Citations

  1. [S862] Various EB CD 2001, Ptolemy XV Caesar.
  2. [S1052] Egyptian Royal Genealogy, online http://www.tyndale.cam.ac.uk/Egypt/index.htm
  3. [S917] Antony and Cleopatra, online http://www.rhul.ac.uk/scolar/cl2361/lectures/1.html

Antiochus I Theos Dikaios Epiphanes Philoromaios Philhellen, King of Commagene1,2

b. 0100? BCE, d. 0031 B.C.
Antiochus I Theos Dikaios Epiphanes Philoromaios Philhellen, King of Commagene|b. 0100? BCE\nd. 0031 B.C.|p266.htm#i6258|Mithradates I Kallinikos, King of Commagene|b. 0120 B.C.\nd. 0063 B.C.|p267.htm#i6260|Laodice Thea|b. 0119 B.C.|p53.htm#i6261|Samus I. T. D., King of Commagene|b. 0150 B.C.\nd. 0100 B.C.|p268.htm#i6292|Pythodoris Arshâmid|b. 0150 B.C.|p53.htm#i6293|Antiochus V. E. P. G., King of Syria|b. 0142 B.C.\nd. 0096 B.C.|p268.htm#i6041|Tryphaena|b. 0141/140 B.C.|p51.htm#i6042|
FatherMithradates I Kallinikos, King of Commagene3 b. 0120 B.C., d. 0063 B.C.
MotherLaodice Thea3 b. 0119 B.C.
     Antiochus I Theos Dikaios Epiphanes Philoromaios Philhellen, King of Commagene died 0031 B.C.. King of Commagene at southeastern Anatolia, ancient Syria, 0069-0031 B.C..4 He married Isias Philostorgos, Princess of Commagene, daughter of Mithradates I Kallinikos, King of Commagene and Laodice Thea, 0076 B.C; Possibly siblings.2 Antiochus I Theos Dikaios Epiphanes Philoromaios Philhellen, King of Commagene was born 0100? BCE.5 He was the son of Mithradates I Kallinikos, King of Commagene and Laodice Thea.3 Sources: 1. Stuart, R.W. 'Royalty for Commoners', line 412. ; 2. Bryan, K. 'Davidic Descents to the House of Plantagenet' Augustan, Vol. XXV, 16-23.

Family

Isias Philostorgos, Princess of Commagene b. 0100 B.C.
Children

Citations

  1. [S197] Toby Dills, "Descendant of Antiquity," gedcom to Robert Stewart, 5 Feb 1999.
  2. [S204] Roderick W. Stuart, RfC, 412-70.
  3. [S204] Roderick W. Stuart, RfC, 412-71.
  4. [S578] Fatih Cimok, Commagene Nemrut, pg. 57.
  5. [S1132] DFA (4000 yr), online, pg. 22.
  6. [S204] Roderick W. Stuart, RfC, 417-70.
  7. [S204] Roderick W. Stuart, RfC, 408-69.

Agrippina the Elder

b. 0015 B.C., d. 0033 AD
Agrippina the Elder|b. 0015 B.C.\nd. 0033 AD|p266.htm#i10358|Consul Marcus Vipsanius Agrippa|b. 0065 B.C.\nd. 0012 B.C.|p266.htm#i10388|Julia Major|b. 0039 B.C.\nd. 768|p303.htm#i10389|||||||Gaïus Octavius|b. 0063 B.C., September 23\nd. 0014 AD, August 19|p266.htm#i10335|Scribonia||p80.htm#i10376|
FatherConsul Marcus Vipsanius Agrippa b. 0065 B.C., d. 0012 B.C.
MotherJulia Major b. 0039 B.C., d. 768
     Agrippina the Elder was born 0015 B.C. At circa. She was the daughter of Consul Marcus Vipsanius Agrippa and Julia Major. Agrippina the Elder died 0033 AD at 18 October, Pandateria. The official story was that she committed suicide, she was probably starved to death on the orders of the aging emperor Tiberius.1,2 She was the mother of Emperor Caligula of the Romans; the son of Germanicus Caesar, nephew and adoptive son of Tiberius, and Agrippina the Elder.2 Agrippina the Elder married Germanicus Caesar, son of Nero Drusus Claudius Germanicus and Antonia Minor, in 749 at a.u.c..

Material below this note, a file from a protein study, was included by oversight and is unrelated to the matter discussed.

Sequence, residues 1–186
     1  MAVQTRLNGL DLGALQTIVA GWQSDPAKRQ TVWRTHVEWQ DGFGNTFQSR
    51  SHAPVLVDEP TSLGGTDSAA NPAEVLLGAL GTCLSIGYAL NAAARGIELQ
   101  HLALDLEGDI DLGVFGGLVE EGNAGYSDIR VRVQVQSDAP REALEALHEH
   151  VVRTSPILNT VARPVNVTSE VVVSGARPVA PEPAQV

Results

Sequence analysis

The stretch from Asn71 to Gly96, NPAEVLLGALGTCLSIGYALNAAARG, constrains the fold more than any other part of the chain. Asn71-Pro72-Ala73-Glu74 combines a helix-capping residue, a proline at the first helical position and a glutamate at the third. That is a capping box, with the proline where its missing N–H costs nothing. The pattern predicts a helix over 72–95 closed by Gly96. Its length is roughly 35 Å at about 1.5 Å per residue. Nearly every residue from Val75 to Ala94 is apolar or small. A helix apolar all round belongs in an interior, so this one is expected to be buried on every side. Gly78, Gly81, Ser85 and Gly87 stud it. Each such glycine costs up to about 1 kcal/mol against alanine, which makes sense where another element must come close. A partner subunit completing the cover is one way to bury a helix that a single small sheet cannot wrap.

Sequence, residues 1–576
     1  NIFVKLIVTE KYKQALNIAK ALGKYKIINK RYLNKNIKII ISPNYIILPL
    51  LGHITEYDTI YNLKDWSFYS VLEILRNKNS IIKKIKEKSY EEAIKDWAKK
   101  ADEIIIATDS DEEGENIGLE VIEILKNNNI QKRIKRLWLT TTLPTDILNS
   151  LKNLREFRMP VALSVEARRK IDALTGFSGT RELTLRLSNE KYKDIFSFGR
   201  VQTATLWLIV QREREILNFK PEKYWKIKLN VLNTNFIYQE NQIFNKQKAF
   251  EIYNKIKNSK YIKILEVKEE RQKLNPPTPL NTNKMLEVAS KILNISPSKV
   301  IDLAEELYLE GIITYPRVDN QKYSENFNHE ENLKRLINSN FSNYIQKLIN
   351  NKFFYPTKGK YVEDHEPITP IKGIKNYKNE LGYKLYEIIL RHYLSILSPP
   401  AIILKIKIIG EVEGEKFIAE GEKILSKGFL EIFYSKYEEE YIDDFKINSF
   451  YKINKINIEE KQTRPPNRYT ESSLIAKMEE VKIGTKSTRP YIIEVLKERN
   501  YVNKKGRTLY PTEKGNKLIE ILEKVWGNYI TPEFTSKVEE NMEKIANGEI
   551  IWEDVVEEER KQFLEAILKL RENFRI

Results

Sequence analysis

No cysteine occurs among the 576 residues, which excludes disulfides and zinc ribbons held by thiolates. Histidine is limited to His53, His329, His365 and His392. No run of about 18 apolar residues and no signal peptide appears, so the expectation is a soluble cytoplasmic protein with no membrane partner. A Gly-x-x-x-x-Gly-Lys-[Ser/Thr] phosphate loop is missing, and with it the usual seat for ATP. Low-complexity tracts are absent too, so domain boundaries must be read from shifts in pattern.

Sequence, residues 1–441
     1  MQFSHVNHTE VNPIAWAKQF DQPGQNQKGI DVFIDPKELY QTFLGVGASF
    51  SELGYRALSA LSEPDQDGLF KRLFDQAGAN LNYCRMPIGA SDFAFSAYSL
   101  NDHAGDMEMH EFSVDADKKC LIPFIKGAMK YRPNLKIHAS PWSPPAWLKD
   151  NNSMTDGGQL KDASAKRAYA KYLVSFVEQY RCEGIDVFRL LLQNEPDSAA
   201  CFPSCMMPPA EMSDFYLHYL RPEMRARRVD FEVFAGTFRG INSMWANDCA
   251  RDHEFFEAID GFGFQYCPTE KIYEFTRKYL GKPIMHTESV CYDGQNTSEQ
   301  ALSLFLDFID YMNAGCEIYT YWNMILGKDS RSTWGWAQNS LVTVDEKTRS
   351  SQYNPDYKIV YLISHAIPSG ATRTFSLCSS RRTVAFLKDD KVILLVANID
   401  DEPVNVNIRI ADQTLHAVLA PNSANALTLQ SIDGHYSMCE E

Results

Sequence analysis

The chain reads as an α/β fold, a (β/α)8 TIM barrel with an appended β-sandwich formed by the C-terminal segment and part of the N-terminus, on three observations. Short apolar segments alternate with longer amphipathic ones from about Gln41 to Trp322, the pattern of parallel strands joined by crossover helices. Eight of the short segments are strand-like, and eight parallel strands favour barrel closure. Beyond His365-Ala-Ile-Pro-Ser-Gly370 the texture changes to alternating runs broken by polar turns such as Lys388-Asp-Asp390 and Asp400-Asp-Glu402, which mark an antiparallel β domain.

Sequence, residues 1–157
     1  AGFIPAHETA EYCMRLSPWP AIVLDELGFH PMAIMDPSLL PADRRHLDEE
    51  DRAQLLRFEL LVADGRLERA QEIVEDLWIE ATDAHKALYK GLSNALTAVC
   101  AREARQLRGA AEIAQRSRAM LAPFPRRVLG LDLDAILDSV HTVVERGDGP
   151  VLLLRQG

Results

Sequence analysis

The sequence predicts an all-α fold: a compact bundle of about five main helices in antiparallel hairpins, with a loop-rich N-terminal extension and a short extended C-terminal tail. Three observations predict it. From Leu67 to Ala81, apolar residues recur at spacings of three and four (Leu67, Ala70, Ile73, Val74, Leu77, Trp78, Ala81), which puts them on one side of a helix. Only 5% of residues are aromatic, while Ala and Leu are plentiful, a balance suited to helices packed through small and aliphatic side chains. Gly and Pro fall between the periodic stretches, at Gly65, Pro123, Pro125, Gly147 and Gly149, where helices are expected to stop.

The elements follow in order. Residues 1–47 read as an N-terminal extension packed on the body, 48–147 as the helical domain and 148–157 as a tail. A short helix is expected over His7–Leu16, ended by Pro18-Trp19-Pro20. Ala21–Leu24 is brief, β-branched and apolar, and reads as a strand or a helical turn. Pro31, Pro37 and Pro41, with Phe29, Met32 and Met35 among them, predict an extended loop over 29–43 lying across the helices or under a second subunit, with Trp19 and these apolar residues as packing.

Family

Germanicus Caesar b. 0015 B.C., d. 0019 AD
Children

Citations

  1. [S172] Various Encyclopaedea Britannica.
  2. [S862] Various EB CD 2001, Caligula (emp. of Rome).
  3. [S233] DIR, online http://www.roman-emperors.org/impindex.htm
  4. [S1001] Chris Scarre, Chronicle of the Emperors, pg. 44.

K'art'am, King of K'art'li

b. 0065 B.C., d. 0033 B.C.
K'art'am, King of K'art'li|b. 0065 B.C.\nd. 0033 B.C.|p266.htm#i6013|Aderki, King of Armenia|b. 0029 B.C., circa|p131.htm#i15244|N. N. of Armenia||p223.htm#i25675|K'art'am Aršakuni|d. 0030 B.C.|p266.htm#i15242|N. N. Aršakuni||p223.htm#i25677|King of Armenia||p223.htm#i25676||||
FatherAderki, King of Armenia2 b. 0029 B.C., circa
MotherN. N. of Armenia1
     K'art'am, King of K'art'li was the successor of Aderki, King of Armenia; 10th King of Kartli.1 K'art'am, King of K'art'li died 0033 B.C.. Killed in the same battle as his father-in-law, to whom he had been made heir.3 He married N. N. Aršakuni, daughter of Bartom, King of K'art'li and Princess of Armenia, 0040 B.C. At circa; 4th cousins.4 K'art'am, King of K'art'li was the predecessor of P'arsman I, King of K'art'li; 12th (co-)King of Kartli.5 K'art'am, King of K'art'li was the son of Aderki, King of Armenia and N. N. of Armenia.1,2 K'art'am, King of K'art'li was born 0065 B.C.. He was given the land by Armazi, K'art'li south of the Mtkuari, from Xunan as far as the head of the Mtkuari, and all Klarjet'i.6 He was a descendant of K'ujis.4 He was adopted by his father-in-law..3 Sources: Bryan, K. 'Davidic Descents to the House of Plantagenet' Augustan, Vol. XXV, 16-23.7 11th (co-)King of Kartli at Transcaucasia.5 Prince of Kaudjide.3 He was co-ruler with Bartom, King of K'art'li; 11th (co-)King of Kartli.6

Family

N. N. Aršakuni b. 0060 B.C.
Children

Citations

  1. [S1186] Robert W. Thomson (translator), The Georgian Chronicle, pg. 49.
  2. [S324] Robert Bedrosian (translator), The Georgian Chronicle (from Armenian), Chap. 4.
  3. [S204] Roderick W. Stuart, RfC, 416-69.
  4. [S324] Robert Bedrosian (translator), The Georgian Chronicle (from Armenian), Ch. 4.
  5. [S1186] Robert W. Thomson (translator), The Georgian Chronicle.
  6. [S1186] Robert W. Thomson (translator), The Georgian Chronicle, pg. 52.
  7. [S197] Toby Dills, "Descendant of Antiquity," gedcom to Robert Stewart, 5 Feb 1999.

Herod Philp I, tetrarchês of the northern territories1

b. 0020 B.C., d. 0034 CE